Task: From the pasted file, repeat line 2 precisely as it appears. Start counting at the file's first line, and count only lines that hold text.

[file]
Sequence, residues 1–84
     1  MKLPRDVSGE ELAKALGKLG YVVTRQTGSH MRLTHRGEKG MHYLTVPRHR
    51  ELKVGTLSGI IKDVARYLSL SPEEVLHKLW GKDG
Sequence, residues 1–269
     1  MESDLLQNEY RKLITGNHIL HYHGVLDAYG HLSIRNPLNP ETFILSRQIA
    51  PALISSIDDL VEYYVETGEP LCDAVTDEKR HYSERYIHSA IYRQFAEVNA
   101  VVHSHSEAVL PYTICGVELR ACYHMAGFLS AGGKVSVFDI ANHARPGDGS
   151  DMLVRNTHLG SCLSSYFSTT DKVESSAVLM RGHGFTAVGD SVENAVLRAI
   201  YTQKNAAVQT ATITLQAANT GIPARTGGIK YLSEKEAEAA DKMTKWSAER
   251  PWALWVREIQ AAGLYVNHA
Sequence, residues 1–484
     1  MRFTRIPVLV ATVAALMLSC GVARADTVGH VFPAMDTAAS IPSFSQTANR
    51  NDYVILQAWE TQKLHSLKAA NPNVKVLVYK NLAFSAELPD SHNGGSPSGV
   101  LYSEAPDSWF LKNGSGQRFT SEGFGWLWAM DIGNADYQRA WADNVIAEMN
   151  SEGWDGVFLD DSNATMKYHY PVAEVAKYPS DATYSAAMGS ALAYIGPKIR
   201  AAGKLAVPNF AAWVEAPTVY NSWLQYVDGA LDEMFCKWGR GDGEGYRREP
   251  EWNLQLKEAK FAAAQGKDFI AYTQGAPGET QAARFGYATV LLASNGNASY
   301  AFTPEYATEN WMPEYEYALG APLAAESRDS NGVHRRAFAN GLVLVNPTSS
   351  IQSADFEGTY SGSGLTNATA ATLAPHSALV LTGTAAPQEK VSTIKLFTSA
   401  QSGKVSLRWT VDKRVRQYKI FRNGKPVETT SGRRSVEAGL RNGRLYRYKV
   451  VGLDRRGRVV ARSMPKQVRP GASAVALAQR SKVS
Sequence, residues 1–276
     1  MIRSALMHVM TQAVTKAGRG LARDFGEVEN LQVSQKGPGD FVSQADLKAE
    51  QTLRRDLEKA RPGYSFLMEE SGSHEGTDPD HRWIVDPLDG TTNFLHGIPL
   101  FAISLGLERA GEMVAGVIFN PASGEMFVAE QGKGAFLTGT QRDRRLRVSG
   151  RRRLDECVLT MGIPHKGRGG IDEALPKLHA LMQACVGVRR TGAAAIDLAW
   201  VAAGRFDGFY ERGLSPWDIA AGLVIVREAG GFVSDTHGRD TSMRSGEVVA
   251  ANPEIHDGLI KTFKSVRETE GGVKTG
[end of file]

     1  MKLPRDVSGE ELAKALGKLG YVVTRQTGSH MRLTHRGEKG MHYLTVPRHR